So this Lenten Season, let’s try to learn again how to live in the presence of God. Let’s try to learn again how to live with Jesus. How to be men and women of faith. How to follow Jesus. How to trust that God is the source of our life.
In our second reading today, St. Paul tells us that if we believe in Jesus with all our hearts — we will be saved.
If we believe in Jesus, he will go with us. Remember, he is our Brother and our Friend. He will strengthen us — by the graces he gives us in the Sacraments. By the teachings and the example that he gives us in the Gospels. He will guard us and protect us from evil.
So if we have faith in Jesus, as we do, he will bring us through the desert of this world.
Because my brothers and sisters, God wants us to have a happy life and to be holy! That’s the whole story of the world. The history of the world is the history of salvation. That’s what we hear in the today’s first reading. God is always entering into the lives of his people. He listens to our prayers, he comes with his strength: to help us, to support us, to be with us. And he stretches out his arm — to lift us up; to deliver his people, as we heard today, from evil and sin.
So, yes, as we start this holy season of Lent, God is still with us in all our struggles against temptation and sin. He wants to live with us and he wants us to be holy people.
So why was he allowed to be tempted? Because he wanted to show us that he is our Brother and our Friend. And that he was able because he’s God, the Son of God, to reject any temptation. He’s telling us that if we walk with him, we trust in him, we are open to his grace and to his strength, we can overcome any temptation. He allows us to be tempted so that he can help us to grow in humility and that we put all our trust in him.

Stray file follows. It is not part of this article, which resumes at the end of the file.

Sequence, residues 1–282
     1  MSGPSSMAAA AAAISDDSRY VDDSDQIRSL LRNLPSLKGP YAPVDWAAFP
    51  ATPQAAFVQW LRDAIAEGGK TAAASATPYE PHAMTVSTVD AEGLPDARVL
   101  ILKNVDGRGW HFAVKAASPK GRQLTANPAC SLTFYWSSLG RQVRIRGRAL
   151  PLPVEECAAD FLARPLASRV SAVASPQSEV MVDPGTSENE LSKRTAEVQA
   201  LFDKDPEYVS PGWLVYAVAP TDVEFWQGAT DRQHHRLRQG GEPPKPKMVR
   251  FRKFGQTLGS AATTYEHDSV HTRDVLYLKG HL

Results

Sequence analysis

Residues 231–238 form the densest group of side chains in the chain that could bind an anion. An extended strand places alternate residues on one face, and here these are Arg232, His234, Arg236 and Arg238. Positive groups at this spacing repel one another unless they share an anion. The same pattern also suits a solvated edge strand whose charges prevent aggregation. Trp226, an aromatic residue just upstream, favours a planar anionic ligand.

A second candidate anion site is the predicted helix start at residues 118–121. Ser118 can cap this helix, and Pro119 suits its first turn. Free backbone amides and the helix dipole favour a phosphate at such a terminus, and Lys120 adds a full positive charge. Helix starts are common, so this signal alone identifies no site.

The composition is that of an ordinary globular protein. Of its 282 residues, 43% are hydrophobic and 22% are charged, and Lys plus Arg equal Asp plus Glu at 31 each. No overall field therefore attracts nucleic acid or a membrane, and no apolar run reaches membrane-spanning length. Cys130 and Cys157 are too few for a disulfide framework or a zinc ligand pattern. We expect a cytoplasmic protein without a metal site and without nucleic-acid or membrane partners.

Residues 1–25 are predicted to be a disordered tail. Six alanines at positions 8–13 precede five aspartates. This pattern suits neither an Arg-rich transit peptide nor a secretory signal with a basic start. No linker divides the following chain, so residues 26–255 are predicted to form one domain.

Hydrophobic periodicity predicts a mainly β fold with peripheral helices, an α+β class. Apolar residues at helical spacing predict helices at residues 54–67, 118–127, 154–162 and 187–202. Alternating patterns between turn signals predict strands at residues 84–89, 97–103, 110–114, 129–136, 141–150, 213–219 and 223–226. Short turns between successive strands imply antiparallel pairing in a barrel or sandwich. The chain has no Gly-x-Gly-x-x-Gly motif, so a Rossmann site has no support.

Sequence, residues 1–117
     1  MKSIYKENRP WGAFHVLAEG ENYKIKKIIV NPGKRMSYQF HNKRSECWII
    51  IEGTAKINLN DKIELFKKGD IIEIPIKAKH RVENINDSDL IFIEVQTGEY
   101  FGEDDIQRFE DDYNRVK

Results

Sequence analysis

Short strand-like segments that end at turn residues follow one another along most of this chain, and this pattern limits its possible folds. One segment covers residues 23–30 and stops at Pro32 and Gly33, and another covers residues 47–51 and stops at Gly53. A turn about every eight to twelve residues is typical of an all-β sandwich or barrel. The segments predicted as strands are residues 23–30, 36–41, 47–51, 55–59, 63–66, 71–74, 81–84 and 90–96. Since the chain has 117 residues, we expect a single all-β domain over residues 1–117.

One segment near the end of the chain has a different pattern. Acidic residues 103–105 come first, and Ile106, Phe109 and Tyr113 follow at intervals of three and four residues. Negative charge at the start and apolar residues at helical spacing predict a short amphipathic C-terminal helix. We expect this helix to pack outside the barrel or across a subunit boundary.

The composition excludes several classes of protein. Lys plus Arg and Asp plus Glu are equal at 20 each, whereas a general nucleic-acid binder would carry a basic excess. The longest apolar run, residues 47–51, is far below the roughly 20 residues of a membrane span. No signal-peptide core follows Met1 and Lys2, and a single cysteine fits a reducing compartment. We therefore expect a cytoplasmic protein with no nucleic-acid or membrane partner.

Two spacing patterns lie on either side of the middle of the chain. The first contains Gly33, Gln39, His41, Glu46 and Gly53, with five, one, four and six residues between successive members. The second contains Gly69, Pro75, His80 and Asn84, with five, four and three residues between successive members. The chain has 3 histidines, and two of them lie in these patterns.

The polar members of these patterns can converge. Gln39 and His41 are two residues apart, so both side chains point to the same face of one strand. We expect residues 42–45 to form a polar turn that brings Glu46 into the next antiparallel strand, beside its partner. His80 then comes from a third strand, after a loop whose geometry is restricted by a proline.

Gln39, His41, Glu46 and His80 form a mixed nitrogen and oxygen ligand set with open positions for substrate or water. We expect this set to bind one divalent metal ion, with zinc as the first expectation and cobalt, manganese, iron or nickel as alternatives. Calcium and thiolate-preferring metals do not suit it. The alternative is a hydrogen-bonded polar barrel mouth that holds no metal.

On our part, it makes sense, that sin, that he wants to be with us, to walk with us and that we also make good resolutions during this time. It is a time of prayer, and fasting, and works of charity.
So today, on the First Sunday of Lent, it is a wonderful time to make practical resolutions for this Lenten season. Isn’t that our tradition — that we always give up something for Lent? It’s a beautiful tradition in the life of the church, and our country that, during Lent, we all try to make the effort to go to daily Mass as often as we can. Beautiful resolutions: daily Mass, going to confession, visiting the sick and elderly, teaching the children by our example, praying as a family, it is a holy time. So let’s ask for the grace to make those resolutions: to live this time as a special time in our lives, and in our families, and in our Church.
And let us ask Mary, the Holy Mother of God, to accompany us on this journey of Lent.
And let us keep our Holy Father and our universal Church in prayer these weeks to come.
1. Readings (First Sunday of Lent, Year C): Deut. 26:4-10; Ps. 91:1-2, 10-15; Rom. 10:8-13; Luke 4:1-13.
2. Mark 11:23; Phil. 4:13.